Nvidia has designed the GTX 670 with three graphics processing clusters, six streaming multiprocessors, 1152 CUDA cores, 92 TAUs and 32 ROPs. In the previous generation, this would place the GTX 760 in between the GTX 660 and 660 Ti. Despite that, we expect the card to be quite a bit faster than the GTX 660 Ti, as it's not only clocked faster but it has a wider memory bus (256-bit versus 192-bit). While the 660 Ti was limited to a peak memory bandwidth of 144.2GB/s, the GTX 760 enjoys a much larger 192.3GB/s of bandwidth.
By default, the GTX 760 core is clocked at 980MHz with a boost frequency of 1033MHz while the 2GB of GDDR5 memory operates at 6GHz. The GTX 660 Ti in comparison runs at 915MHz with a boost of 980MHz but its memory also operates at 6GHz.
Gainward has of course done some factory overclocking boosting the base core frequency to 1072MHz with a boost speed of 1137MHz. This is a 9% increase in core speed, while the memory has been overclocked by 3% to 6.2GHz.
The rest of Gainward's card remains fairly standard, including a pair of SLI connectors, two 6-pin PCIe power connectors and an I/O panel configuration consisting of HDMI, DisplayPort and two DVI ports.
The GTX 760 averaged 66.1fps at 1920x1200 in Battlefield 3, 6% slower than the overclocked Gainward GTX 760 Phantom. Although the GTX 760 Phantom was faster than the HD 7950, the standard GTX 760 was 3% slower, though it was still 9% faster than the GTX 660 Ti and 12% faster than the HD 7870.
The GTX 760's frame time performance results were fairly similar to what we saw in its frames per second testing as the card was 5% slower than the Phantom edition but 8% faster than the GTX 660 Ti, 17% faster than the HD 7870 and 2% faster than the HD 7950.
The GTX 760 rendered 33.1fps at 1920x1200 in Crysis 3, faring 6% worse than the Gainward GTX 760 Phantom while outperforming the GTX 660 Ti, HD 7870 and HD 7950 by 13%, 39% and 10%.
Crysis 3's frame time margins were quite interesting as AMD-based cards performed better than they did in the frames per second testing. The GTX 760 was still 6% slower than the Phantom model and 14% slower than the GTX 660 Ti, however it was "only" 28% faster than the HD 7870 while it just managed to match the HD 7950's performance.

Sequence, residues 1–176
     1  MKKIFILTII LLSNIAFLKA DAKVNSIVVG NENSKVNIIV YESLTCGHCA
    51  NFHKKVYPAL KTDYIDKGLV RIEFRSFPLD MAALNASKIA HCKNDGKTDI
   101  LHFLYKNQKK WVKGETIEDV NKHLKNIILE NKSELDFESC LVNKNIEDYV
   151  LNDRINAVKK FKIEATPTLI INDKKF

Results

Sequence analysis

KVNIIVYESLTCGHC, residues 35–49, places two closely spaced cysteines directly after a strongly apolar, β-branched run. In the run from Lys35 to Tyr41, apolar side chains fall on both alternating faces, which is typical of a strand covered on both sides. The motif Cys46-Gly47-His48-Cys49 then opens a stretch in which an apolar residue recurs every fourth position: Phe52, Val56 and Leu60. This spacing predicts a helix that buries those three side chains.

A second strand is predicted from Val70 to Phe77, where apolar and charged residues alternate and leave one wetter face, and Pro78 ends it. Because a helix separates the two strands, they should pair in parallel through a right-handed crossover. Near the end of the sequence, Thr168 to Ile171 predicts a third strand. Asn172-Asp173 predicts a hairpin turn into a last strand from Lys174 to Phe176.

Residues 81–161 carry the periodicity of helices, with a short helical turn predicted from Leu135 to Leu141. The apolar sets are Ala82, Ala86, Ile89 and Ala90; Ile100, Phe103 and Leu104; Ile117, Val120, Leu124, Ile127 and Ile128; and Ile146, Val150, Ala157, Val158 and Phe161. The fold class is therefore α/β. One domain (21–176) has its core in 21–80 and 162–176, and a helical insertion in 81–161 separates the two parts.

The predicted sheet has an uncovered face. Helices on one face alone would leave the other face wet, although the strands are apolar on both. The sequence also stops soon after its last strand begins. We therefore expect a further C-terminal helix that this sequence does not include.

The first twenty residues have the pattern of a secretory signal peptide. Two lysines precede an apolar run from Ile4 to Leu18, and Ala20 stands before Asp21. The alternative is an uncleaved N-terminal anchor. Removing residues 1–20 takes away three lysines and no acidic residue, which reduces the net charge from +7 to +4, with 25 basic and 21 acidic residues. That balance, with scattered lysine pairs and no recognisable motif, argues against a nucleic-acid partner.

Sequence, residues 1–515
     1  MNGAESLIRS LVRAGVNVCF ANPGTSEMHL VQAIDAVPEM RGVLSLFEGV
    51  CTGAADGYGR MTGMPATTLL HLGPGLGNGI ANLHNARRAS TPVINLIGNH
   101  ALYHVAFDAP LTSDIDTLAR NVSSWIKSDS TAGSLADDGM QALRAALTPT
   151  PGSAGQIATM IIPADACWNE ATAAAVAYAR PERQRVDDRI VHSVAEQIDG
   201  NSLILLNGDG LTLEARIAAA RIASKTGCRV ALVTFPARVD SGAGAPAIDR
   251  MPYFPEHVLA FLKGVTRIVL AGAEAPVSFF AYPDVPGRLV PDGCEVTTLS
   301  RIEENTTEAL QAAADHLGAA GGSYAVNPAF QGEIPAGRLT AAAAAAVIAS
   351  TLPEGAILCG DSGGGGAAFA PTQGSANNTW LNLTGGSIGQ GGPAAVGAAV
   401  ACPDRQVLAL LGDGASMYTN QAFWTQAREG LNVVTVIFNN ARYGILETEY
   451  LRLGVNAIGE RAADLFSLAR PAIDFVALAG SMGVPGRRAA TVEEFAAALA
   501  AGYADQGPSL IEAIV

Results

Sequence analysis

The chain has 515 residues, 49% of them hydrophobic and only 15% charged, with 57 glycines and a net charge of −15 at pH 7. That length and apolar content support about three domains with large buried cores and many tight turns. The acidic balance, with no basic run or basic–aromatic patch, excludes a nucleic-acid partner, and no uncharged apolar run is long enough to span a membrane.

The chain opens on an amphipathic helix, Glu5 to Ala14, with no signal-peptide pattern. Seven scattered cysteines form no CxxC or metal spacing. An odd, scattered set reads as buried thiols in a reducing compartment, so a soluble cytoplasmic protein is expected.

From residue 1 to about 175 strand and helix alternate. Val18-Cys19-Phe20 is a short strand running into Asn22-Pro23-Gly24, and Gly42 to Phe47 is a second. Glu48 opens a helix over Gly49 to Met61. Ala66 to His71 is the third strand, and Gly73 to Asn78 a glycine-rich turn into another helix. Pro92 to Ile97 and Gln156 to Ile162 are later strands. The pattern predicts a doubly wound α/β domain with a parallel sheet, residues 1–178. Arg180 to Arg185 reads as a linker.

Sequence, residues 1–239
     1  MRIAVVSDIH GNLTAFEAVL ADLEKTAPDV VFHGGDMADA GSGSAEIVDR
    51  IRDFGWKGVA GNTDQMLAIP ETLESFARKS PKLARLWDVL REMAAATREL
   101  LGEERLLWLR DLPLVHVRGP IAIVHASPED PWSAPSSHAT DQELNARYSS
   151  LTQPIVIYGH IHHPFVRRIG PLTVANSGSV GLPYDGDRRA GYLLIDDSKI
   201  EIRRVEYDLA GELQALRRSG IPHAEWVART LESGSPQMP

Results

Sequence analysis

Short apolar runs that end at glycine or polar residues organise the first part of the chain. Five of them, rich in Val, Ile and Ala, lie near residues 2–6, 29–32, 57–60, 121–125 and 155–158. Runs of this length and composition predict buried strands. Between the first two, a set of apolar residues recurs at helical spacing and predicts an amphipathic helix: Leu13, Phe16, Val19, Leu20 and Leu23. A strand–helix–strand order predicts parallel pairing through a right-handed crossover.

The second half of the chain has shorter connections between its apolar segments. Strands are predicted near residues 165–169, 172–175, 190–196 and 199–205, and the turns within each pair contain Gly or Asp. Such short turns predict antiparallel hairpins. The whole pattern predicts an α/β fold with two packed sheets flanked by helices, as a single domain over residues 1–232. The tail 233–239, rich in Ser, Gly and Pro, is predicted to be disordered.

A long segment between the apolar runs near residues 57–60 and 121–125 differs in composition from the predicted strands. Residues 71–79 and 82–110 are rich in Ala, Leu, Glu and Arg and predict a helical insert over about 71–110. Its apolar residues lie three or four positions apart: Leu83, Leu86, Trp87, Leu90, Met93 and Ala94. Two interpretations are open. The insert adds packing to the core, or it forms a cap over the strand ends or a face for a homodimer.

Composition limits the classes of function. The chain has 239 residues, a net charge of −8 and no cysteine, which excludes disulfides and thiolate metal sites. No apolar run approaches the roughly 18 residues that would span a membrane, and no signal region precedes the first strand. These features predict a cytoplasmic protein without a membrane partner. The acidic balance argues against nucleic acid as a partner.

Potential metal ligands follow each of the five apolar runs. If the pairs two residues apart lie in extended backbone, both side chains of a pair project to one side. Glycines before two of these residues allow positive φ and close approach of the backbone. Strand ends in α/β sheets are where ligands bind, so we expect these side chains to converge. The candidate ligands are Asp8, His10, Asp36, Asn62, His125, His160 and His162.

Benchmarks: BioShock Infinite, Metro Last Light
The GTX 760 averaged 54.3fps when testing BioShock Infinite, which was 3% slower than the GTX 660 Ti yet 11% faster than the HD 7950 and 33% faster than the 7870.
The frame time margins were similar to those seen when measuring the frames per second performance, as the GTX 760 was 2% faster than the GTX 660 Ti, 19% faster than the HD 7950 and 38% faster than the 7870.
Despite being the newest game tested, Metro: Last Light only managed to drag the GTX 760 down to 43.7fps — 5% slower than the overclocked Phantom card, but 11% faster than the GTX 660 Ti, 3% faster than the HD 7950 and 9% faster than the 7870.
The frame time results were quite different to the fps data as the GTX 760 was just 1% faster than the GTX 660 Ti and 3% slower than the HD 7870.
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Steven Walton is a writer at TechSpot. TechSpot is a computer technology publication serving PC enthusiasts, gamers and IT pros since 1998.